When you have cut the legs free, the rest of the carcass, with all the blood and entrails and gelatinous breast material, will fall to the ground or into a waiting barrel. When I clean turkeys this way, I honestly hardly get my hands bloody.

I urge you to not throw away those legs and loins. They are absolutely delicious when you know how to prepare them, and if you throw them away, you are discarding about one third of the meat. Personally, I feel that anyone who would waste any part of one of God’s creatures which men hunt to eat, is a very uncaring person who may not deserve to have the privilege.

Hunters do it because a turkey’s leg, like a pheasant’s leg, is full of tendons and ligaments. If you just put the legs in a big pot or pan and boil them for about an hour or until the meat comes away from the ligaments and tendons. Then you will have a lot of dark meat ready to use in soups or stews or with noodles, with casseroles, etc.

If you are too lazy to do such a thing, you should get married immediately and have your wife do it. Or if you have a girlfriend, tell her that you would never consider marrying a girl who could not or would not boil the meat off your turkey legs. Any girl who wants an outdoorsman for a husband, (and actually there are few ladies who do prefer an outdoorsman if they can get one) will be tickled to show you how good she can do at such things.

Anyhow, don’t throw away that meat. I would take all the turkey legs I could get, and then give the meat to those who are needy. I feel strongly about this. Spread the word, and use that dark meat on the legs of turkeys, just as you use the breast.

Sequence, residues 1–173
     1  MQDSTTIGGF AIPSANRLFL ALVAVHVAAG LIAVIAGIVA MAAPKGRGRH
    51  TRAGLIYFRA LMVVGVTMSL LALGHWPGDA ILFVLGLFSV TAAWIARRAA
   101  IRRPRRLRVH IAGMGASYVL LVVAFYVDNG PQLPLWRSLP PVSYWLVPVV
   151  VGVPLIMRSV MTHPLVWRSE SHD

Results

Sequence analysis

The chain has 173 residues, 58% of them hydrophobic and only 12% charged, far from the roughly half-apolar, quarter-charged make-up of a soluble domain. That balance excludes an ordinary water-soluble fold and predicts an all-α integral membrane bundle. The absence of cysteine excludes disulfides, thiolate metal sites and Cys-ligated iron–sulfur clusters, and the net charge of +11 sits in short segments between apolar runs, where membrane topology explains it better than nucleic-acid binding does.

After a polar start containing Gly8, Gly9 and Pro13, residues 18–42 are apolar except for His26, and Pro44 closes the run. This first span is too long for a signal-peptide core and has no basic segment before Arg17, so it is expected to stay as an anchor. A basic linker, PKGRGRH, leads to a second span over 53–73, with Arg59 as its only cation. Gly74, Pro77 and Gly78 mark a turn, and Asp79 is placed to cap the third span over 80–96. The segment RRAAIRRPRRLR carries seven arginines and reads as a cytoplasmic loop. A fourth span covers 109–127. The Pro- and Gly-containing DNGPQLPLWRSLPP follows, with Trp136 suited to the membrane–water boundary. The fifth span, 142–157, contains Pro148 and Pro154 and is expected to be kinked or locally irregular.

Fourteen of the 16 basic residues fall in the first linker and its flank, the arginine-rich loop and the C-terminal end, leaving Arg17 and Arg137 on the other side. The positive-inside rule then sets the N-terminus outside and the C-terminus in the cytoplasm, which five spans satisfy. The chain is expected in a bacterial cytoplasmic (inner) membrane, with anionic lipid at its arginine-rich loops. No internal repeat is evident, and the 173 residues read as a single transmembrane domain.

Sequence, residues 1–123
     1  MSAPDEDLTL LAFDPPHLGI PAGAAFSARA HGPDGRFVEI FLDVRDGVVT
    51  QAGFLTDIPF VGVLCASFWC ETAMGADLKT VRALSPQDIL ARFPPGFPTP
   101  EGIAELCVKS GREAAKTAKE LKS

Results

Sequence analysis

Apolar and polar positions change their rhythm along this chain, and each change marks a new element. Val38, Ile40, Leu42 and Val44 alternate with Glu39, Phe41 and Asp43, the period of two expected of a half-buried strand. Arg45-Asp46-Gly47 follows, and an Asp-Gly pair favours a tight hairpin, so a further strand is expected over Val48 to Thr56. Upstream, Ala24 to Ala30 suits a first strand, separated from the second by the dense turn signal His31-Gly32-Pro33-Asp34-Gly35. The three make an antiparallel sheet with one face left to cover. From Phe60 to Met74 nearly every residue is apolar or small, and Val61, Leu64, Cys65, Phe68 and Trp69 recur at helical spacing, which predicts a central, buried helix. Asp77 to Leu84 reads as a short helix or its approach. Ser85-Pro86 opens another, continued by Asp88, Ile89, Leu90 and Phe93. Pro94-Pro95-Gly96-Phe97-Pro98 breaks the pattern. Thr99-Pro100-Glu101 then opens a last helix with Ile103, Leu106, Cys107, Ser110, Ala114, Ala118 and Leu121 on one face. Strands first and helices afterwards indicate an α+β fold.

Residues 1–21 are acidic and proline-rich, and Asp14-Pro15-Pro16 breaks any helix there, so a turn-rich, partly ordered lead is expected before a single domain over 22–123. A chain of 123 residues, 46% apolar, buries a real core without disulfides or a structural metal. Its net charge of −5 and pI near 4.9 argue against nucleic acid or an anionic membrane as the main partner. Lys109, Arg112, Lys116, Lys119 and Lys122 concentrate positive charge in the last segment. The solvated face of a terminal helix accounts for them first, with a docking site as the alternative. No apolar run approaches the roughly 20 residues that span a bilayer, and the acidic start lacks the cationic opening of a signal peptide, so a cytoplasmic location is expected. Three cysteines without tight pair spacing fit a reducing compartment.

If you do, you have to have a good cook who knows how to do that kind of thing. The meat needs to be seasoned and salted and used with various recipes to be good. You can’t just throw chunks of it in with scrambled eggs and fry it! I don’t think! Or maybe you can.  Anyway, get your own girlfriend to fix you up a turkey leg dish and try it and then if you are disappointed call me and look for a new girlfriend.

Not too long ago I gave one of my famous homemade, handmade turkey calls to a guy who stepped on it in the excitement of killing his first gobbler. He came back wanting another one, and I gave him one, and he hasn’t killed another turkey since.

It is unusual for any hunter to use one of my turkey calls and not kill another turkey in a hurry so I got to asking him some questions, and sure enough, he had thrown away his turkey legs. I think it is often the case that the Creator will not endow someone with good hunting who is wasteful, and I certainly would not give away one of my super-duper can’t-miss handmade calls to anyone who would throw away a turkey leg. Since he has promised never to do it again, I expect him to have good luck this year.

I know many of you readers listen to my outdoorsman’s radio program on Sunday mornings, and I want you to pay special attention on April 28 when my daughter, Dr. Lori Dablemont Cohen, will join me to talk about tick-bite diseases such as spotted fever and lime disease. Listeners can call in to ask her questions, and she will also discuss the “mad deer” malady known as chronic wasting disease.

That will be from 8:06 to 9 a.m. April 28, on KWTO (560 AM) in Springfield.